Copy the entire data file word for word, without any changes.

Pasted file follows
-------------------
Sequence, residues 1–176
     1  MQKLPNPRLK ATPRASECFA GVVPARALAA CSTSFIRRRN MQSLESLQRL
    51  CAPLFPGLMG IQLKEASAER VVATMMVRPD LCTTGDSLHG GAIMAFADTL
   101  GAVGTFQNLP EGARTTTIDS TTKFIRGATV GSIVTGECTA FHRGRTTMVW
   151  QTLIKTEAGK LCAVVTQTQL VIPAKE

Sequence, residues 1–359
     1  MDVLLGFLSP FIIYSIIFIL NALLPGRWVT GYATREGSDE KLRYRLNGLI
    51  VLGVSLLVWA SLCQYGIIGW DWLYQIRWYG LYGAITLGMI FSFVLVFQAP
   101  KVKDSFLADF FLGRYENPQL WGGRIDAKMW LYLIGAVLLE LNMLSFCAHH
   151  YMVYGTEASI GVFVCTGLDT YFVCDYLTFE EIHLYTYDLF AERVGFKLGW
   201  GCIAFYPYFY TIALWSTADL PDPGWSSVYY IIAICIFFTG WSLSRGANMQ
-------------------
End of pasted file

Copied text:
Sequence, residues 1–176
     1  MQKLPNPRLK ATPRASECFA GVVPARALAA CSTSFIRRRN MQSLESLQRL
    51  CAPLFPGLMG IQLKEASAER VVATMMVRPD LCTTGDSLHG GAIMAFADTL
   101  GAVGTFQNLP EGARTTTIDS TTKFIRGATV GSIVTGECTA FHRGRTTMVW
   151  QTLIKTEAGK LCAVVTQTQL VIPAKE

Sequence, residues 1–359
     1  MDVLLGFLSP FIIYSIIFIL NALLPGRWVT GYATREGSDE KLRYRLNGLI
    51  VLGVSLLVWA SLCQYGIIGW DWLYQIRWYG LYGAITLGMI FSFVLVFQAP
   101  KVKDSFLADF FLGRYENPQL WGGRIDAKMW LYLIGAVLLE LNMLSFCAHH
   151  YMVYGTEASI GVFVCTGLDT YFVCDYLTFE EIHLYTYDLF AERVGFKLGW
   201  GCIAFYPYFY TIALWSTADL PDPGWSSVYY IIAICIFFTG WSLSRGANMQ